I'm not sure exactly what you want to protect against. Is it getting stuff onto your roof, or protecting the roof once it is up there?
If it is while getting the stuff up there, the only thing I have seen is a roller device that you stick on the rear edge of your hatch using suction cups. You can then roll your kayak, canoe or other large long object onto the cross bars using this thing as the guide, so that the object does not scrape along your roof top. You then take it off before driving and store it.
If it is while it is up there, then it just depends what you are planning to put up there. THere are many types of roof rack systems, each one focused on a particular application. If it is luggage, then as N_Jay said, a basket is best. If it is a kayak, get a rack that is designed to hold a kayak. But whatever it is, if you get the right rack, what you are putting on the rack should never rest against your roof top. Except as you struggle to get it up there, which is why I am assuming it is the other case. That is where I do all of the damage to my roofs.
Just out of curiousity .... having used roof racks extensively for skiing ... I fully understand the practicality of having them. My question is with luggage baskets and bike racks ... HOW DO YOU GET ALL THAT STUFF UP THERE ... even with skis sometime the height can make it a bear to get them up and in the right place ... but a 18 or 20 in bike or a 30 lbs suitcase would seem a pain to get up without damaging the car ... definitely, I would guess, not a one person job ...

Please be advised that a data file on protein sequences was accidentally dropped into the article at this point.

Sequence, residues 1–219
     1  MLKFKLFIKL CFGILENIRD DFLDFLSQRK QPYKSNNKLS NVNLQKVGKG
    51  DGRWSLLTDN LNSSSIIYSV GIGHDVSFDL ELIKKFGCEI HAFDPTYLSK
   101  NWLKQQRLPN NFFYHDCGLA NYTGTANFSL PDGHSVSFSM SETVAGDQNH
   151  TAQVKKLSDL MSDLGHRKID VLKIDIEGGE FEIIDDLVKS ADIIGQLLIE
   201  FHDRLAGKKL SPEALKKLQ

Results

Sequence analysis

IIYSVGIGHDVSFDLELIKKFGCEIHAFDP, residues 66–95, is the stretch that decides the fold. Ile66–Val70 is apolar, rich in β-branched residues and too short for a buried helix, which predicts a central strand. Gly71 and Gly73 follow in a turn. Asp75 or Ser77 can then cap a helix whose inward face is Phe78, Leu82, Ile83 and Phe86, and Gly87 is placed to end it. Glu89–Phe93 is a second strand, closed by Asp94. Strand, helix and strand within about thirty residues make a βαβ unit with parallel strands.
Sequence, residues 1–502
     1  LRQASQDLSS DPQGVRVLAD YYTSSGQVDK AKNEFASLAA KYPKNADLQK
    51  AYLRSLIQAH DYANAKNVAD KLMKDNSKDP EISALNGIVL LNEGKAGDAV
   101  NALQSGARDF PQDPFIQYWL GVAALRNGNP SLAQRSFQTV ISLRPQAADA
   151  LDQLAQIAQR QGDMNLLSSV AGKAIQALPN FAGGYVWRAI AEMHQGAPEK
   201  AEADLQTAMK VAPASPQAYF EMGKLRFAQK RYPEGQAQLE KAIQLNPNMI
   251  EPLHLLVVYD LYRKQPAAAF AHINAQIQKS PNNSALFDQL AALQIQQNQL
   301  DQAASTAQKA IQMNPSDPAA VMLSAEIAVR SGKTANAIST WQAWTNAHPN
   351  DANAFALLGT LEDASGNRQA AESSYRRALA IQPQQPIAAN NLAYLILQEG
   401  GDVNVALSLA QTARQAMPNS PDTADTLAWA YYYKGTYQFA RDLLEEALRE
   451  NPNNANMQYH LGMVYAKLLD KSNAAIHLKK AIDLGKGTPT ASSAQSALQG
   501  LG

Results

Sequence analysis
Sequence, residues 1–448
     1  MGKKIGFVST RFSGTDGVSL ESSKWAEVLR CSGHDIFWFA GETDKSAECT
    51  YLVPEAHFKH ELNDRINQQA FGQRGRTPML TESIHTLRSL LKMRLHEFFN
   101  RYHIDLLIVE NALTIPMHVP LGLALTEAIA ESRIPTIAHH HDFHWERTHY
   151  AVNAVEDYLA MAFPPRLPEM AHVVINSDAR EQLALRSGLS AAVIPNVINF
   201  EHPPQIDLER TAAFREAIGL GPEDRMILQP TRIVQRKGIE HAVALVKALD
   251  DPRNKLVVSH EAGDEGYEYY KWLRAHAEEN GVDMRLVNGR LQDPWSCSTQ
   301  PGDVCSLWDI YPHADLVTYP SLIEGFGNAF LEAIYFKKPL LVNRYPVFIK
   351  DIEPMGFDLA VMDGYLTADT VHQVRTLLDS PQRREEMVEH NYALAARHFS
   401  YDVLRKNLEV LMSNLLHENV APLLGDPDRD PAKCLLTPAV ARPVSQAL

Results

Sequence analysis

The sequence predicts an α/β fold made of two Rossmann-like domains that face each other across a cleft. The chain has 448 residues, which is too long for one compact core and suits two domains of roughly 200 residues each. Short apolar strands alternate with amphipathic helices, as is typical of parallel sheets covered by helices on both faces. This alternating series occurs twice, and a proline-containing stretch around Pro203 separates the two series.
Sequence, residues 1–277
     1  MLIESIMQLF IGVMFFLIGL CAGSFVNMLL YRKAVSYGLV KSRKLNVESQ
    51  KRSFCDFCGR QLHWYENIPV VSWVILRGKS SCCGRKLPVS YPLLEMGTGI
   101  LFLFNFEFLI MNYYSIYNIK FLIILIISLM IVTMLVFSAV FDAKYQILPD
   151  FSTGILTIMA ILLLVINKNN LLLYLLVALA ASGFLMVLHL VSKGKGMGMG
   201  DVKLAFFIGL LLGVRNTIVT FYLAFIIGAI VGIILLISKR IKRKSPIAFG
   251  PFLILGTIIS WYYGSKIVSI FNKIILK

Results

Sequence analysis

This website has a rooftop protector you can get for their pouch type carriers. The Sherpak Supermat Roof Pad is only $12 and fits in between the pouch and the roof. I have a different brand than the one at this site but it is similar. Benefit of the pouch type of roof rack is that it folds (roughly) into a 10" by 40" by 2" thick package. This makes it far easier to store than a hard shell type of carrier. Also, the one make sure you get one that has tie down straps on the sides as opposed to only the front/back. If strapped on and loaded properly, you shouldn't need to buy the roof rack accessory that adds the front and back bars. Some of these are more waterproof than others but we put anything that we don't want to get wet in garbage bags as a precaution. We have not had any problems even in huge downpours.
Head over to your local car parts store and see if they have come clear (or you could go with any color you like) thin strips of body side molding. You can apply it to the ridges on the roof to protect when you load up suitcases and such. Doesn't protect the valleys between the ridges, but at long as the objects are flat it works pretty well. If you get clear, you won't even see it.
I really wish Honda would offer a solution that looked and worked better, but the clear molding isn't a bad compromise.
Cheaper Alternative to the Sherpak Supermat Roof Pad ($12)
I looked at the Sherpak Supermat Roof Pad ($12), and I found a similar product and a bit cheaper. I am using the same pad used under a carpet to avoid it from slipping and sliding when on a hardwood surface. You can get it from Walmart or Target.
By the way, I posted a question earlier about loading a soft carrier on my roof. How much weight can I put on the carrier? Is there a steel bar that helps prevent my roof from caving in or denting because of the weight of the carrier?
Our answer was to get a small/inexpensive ($100.00) Yakima rack and a Weather Tech bag to carry our stuff (remember George Carlins talk about stuff?) It looks like this and cost only about $170.00 total.